Promotions for Indiana Jones and the Kingdom of the Crystal Skull have hit Facebook with a vengeance.
250,000 free Indiana Jones virtual fedoras sold out on Wednesday and there are all kinds of film tie-ins for popular apps, including "Where I've Been," Flixster and SuperPoke.
I always suspected that no one, however noble, could actually own a whip without abusing it once in awhile. Not even Harrison Ford.
- I thought this Meth Minute video would be a wacky cartoon about abusing methamphetamines. But it was just a reel of complaint calls.
- Oprah's Angel Network and Free the Children have formed the O Ambassadors project, which "encourages young leaders to dream."
- MoveOn wages war against Pastor John Hagee, who said Adolf Hitler was a God-sent hunter of Jews. Hagee is one of McCain's "key backers," and McCain is currently MoveOn's pet project.
- Chevy considers how impractical a dancing car would be.
- Yahoo offers an under-the-table paid program where you provide the description ad copy for the ORGANIC RESULTS of your website. And it'll only cost you TWENTY CENTS per click. This is because Yahoo's spiders might fail to properly process your SEO efforts. Little wonder Jolie O'Dell calls it "frikkin criminal." (We second the motion.)
Oink Ink Radio needs entries for its 11th annual Dead Radio contest.
"Disheartened copywriters are invited to submit their best radio scripts that have been rejected, passed up, and left to collect dust. Oink then treats the winning copywriter to an expense-paid weekend in either New York or Los Angeles, homes to Oink studios."
The quote at left comes from a banner ad for The Ideas People, a "knowledge" campaign meant to school you on the modern pioneers of great ideas while slyly promoting The Economist.
It reads, "No one becomes perfect, but some become great." I thought it was apt in light of the launch of The Economist's fully redesigned homepage.
The current print edition says the designers sought to wed clean usability with informational depth. (In less diplomatic terms, it's another web 2.0 casualty. Think AJAX! Big FONTS! And widget-looking things!)
As promised in frustratingly obtuse video teasers like this one, "What Men Need to Know" unveiled its secret sponsor today.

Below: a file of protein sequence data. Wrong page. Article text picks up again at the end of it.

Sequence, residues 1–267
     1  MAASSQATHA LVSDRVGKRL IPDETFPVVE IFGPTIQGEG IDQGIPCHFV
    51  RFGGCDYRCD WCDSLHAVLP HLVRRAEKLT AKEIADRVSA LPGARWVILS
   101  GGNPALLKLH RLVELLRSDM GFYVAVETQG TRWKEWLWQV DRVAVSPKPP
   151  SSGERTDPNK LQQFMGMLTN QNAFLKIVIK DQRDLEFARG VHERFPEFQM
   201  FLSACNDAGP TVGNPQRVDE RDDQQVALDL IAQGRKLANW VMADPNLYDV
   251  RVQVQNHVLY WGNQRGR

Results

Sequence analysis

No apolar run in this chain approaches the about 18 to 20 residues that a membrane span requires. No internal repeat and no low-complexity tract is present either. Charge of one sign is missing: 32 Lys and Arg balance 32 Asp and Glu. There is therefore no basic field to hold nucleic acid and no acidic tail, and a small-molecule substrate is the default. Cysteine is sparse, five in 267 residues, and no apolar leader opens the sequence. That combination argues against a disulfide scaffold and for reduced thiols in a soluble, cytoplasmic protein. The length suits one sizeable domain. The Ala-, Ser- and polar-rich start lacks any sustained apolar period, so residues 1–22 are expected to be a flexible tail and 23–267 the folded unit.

And it's ...
- WeeWorld is holding a celebrity lookalike contest. The WeeMee at left is a Miley Cyrus lookalike. Funny: it's become difficult to recognize her without her blankie.
- What could be more chic than shoving a five-dollar footlong up your headlight? Vespa teams up with Get Smart and Subway.
- Check out the FWA Theater, which went live on Monday. It has a "Hot Advertisements" section that made us recall the fighting days of Firebrand. And then we laughed.
- Registered voter kthustler27 would like Hillary or Obama to buy his vote. He had an eBay auction up, but it's been yanked.
- This has nothing to do with advertising, but watching pole dancers fight just doesn't get old.
Here's a contextual quirk that appeared in Joe Madison's AP news feed. In the video, Bush refuses to support a bill that bails mortgage lenders out of crisis mode. Meanwhile, a contextual ad for Countrywide -- a lender in dire straits -- appears below his torso.
"No closing cost refi. No points. No credit report," the ad promises. Jesus, Countrywide. Is it any wonder Bush wouldn't stick his neck out for you?
In related news, Countrywide recently got ripped in the press when its CEO trashed a hard-up borrower via email. (It was an accident. The borrower was appealing for financial relief, and apparently the flustered Mozilo pushed "reply" instead of "forward.")
What beautiful irony.
In an ad bluntly called "McCain, Fire Charlie Black," MoveOn tries strong-arming John McCain into dismissing his lobbyist, whose firm allegedly made millions by aiding dictators, terrorists and sundry other villains.
$25 helps get it on the air!
A UK-based Kellogg's Nutri-Grain campaign aspires to bring the office tea trolley back in vogue.
I have no strong feelings about mobile snack trays, but this glorified Nutri-Grain evangelist is sizzling. (So much hotter than his American counterpart, the break room bagel guy.) He can push my trolley any day of the week -- or at least stand around pouring me tea for an indecently long time before moving onto the next hungry cog.
And it's a lot like the English way, actually. Also see banner variation.
Sadly, the banner doesn't sing, dance or turn monitors into open bars. Guess it won't be joining the rich media gallery.